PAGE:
BEIRUT — A Democratic candidate for the U.S. presidency, Dennis Kucinich, met separately with Syrian President Bashar al-Assad, Lebanese President Emile Lahoud and Lebanese Prime Minister Fouad Siniora on a six-day trip to the region over the Labor Day holiday.
The trip began in Syria. In the Golan region, they visited the site of the “Shouting Valley” where Syrians live whose families were separated by the occupation. People have to literally shout to each other across a distance of several hundred yards in order to maintain family and personal contact.
Syria has accepted and settled more than one and a half million refugees from Iraq. Kucinich and his wife visited an area on the Syrian-Iraqi border, as well as one neighborhood in Damascus where some of the Iraqis had settled. The Syrian government is providing free education and healthcare. “People are desperate,” said Kucinich. “They have lost loved ones in the war. They have nothing but the clothes on their back. This is a profound humanitarian gesture on the part of this country because it significantly increases the population of Syria. Now, someone must provide for these refugees.”
On the second day, there was an extended meeting with Syrian President Bashar al-Assad. They discussed a wide range of matters including building relations between Syria and the United States, the role of the European community in negotiations between Syria and Israel, hopes for a national unity government in Lebanon, matters affecting Pakistan, and Assad’s stated desire for a peace agreement with Israel.
Elizabeth Kucinich met with the President’s British-born wife, with whom she shares an interest in community economic development, education and the welfare of refugees.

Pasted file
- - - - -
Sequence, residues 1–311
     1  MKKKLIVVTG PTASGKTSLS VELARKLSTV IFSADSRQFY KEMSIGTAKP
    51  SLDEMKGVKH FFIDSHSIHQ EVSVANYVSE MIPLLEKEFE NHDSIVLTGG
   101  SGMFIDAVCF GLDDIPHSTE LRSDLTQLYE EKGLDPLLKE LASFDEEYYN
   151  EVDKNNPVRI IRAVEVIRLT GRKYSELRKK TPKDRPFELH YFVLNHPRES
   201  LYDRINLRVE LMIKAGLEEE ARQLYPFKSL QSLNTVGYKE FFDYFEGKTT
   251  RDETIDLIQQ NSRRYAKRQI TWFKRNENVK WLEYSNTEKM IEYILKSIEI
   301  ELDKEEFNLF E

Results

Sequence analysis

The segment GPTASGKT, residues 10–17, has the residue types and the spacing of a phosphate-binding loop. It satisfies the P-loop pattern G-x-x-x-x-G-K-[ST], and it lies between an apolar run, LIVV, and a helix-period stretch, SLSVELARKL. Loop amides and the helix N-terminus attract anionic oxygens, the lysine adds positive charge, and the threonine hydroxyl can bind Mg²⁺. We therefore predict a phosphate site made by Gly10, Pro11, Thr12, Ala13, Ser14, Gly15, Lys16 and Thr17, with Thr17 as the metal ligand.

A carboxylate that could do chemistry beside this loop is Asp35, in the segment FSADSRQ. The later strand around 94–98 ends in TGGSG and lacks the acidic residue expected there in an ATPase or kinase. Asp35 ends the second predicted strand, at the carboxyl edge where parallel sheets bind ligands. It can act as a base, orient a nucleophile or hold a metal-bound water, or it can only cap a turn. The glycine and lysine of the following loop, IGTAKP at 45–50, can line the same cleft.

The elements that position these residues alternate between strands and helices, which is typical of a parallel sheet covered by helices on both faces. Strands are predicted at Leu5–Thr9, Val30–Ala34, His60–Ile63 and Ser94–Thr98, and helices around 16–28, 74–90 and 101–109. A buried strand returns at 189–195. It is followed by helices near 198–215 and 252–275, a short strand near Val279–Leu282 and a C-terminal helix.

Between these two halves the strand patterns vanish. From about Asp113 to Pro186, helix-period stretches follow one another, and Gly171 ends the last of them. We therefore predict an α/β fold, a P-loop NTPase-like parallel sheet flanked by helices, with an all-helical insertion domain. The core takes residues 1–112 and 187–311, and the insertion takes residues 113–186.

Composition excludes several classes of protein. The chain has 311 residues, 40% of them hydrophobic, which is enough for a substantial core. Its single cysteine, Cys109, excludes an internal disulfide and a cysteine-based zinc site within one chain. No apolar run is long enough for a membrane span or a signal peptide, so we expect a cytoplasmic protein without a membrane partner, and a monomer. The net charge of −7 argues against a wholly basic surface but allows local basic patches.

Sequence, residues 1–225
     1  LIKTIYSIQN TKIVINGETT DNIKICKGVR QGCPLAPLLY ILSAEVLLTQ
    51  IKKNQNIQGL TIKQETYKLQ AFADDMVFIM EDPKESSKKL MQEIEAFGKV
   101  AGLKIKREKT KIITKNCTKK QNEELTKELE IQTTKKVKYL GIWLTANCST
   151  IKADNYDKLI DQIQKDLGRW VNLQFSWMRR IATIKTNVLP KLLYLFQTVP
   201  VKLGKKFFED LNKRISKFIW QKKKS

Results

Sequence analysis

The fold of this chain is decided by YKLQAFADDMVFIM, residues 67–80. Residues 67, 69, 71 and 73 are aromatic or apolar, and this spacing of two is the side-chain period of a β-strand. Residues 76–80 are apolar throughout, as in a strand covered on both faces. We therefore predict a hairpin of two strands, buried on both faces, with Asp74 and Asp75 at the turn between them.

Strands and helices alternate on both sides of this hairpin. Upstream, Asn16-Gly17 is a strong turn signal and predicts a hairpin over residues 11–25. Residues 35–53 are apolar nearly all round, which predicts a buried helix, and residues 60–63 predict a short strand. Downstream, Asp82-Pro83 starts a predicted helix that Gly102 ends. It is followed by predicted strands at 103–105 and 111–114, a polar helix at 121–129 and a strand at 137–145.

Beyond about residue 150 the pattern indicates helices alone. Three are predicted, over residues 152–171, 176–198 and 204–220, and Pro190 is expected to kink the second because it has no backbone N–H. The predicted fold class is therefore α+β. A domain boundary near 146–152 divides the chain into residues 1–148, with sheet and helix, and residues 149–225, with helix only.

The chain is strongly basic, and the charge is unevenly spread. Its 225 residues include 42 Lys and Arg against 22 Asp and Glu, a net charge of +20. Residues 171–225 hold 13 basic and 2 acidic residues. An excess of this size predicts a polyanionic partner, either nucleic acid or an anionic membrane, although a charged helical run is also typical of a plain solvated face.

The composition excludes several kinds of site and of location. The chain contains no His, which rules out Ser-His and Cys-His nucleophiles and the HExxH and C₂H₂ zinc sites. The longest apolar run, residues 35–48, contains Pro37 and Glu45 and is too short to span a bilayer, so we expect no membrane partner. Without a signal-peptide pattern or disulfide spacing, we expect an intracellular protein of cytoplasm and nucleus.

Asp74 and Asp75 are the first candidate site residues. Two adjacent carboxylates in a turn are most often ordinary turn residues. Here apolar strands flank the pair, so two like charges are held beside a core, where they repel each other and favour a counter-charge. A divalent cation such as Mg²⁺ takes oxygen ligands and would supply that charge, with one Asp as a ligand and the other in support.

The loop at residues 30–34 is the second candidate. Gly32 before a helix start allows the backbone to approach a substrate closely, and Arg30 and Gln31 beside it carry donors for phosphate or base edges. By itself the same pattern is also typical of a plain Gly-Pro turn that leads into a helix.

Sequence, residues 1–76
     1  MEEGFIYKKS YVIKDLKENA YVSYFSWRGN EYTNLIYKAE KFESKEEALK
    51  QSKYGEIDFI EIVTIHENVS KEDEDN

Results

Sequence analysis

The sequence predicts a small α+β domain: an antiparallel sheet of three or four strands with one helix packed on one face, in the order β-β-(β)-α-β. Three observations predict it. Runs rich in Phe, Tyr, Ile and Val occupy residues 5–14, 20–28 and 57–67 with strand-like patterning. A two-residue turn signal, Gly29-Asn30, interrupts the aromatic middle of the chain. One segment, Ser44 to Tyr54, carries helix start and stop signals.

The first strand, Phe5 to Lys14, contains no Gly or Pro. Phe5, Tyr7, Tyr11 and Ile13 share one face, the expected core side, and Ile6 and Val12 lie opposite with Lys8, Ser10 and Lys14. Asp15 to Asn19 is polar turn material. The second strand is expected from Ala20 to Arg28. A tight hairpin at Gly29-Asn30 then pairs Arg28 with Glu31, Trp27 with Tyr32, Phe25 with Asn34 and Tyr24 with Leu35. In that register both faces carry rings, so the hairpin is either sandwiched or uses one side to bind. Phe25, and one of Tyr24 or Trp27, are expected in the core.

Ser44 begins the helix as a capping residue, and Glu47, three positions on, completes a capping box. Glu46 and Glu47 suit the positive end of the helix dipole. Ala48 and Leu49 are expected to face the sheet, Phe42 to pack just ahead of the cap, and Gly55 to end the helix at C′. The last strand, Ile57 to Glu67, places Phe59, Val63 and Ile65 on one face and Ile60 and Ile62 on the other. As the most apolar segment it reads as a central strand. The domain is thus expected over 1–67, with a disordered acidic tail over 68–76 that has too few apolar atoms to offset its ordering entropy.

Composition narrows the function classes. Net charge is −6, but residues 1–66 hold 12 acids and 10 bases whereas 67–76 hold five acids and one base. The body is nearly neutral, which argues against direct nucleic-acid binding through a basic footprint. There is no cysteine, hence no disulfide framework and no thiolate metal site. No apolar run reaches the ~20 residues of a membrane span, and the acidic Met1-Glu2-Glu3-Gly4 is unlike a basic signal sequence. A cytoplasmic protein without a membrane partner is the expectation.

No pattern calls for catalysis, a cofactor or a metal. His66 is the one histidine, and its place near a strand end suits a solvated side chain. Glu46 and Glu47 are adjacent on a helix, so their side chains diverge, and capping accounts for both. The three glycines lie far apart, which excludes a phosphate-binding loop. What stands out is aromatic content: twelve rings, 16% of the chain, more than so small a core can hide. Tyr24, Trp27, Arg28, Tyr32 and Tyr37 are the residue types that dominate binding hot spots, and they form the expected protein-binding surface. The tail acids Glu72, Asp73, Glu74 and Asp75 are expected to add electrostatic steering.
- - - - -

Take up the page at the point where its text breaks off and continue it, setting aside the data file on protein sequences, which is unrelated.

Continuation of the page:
One of the most moving parts of their trip was a visit to the holy site of Notre Dame de Saydanaya, a revered Christian mecca where legend says the Virgin Mary appeared 1,500 years ago, and fully veiled Muslim women worship together with Christians. “In this time of religious strife, it is important to bear witness to places that show the way of peace,” Elizabeth observed.
Kucinich said the United States should engage in conversations with all nations.
“I propose direct engagement. Leader to leader, eye to eye, heart to heart,” Kucinich said. President George W. Bush has not met with Assad, charging that he heads a “state sponsor of terror.” Kucinich is the most recent in a line of American senators and congressmen, including House Majority Leader Nancy Pelosi, who have gone against the administration’s wishes and met with Assad.
In Lebanon, President Lahoud was specific about the challenge of Shi’a having resigned from the government: “Lebanon is governed by a consensus on every issue. To have this we must have the three main religious groups represented equally (Shi’a, Sunni and Maronite). When one group leaves, you cannot have a legal government.”
Lebanon’s leading Christian cleric, Cardinal Sfeir, Patriarch of the MaroniteChurch, met with Kucinich and his wife. Cardinal Sfier is no stranger to U.S. He has met with George Bush, Dick Cheney and Condoleezza Rice in Washington. As the leader of a large segment of an ethnically and religious diverse nation, he told the Kuciniches, “We have to appreciate living together with persons who are not of our faith and working with them to achieve a common good.”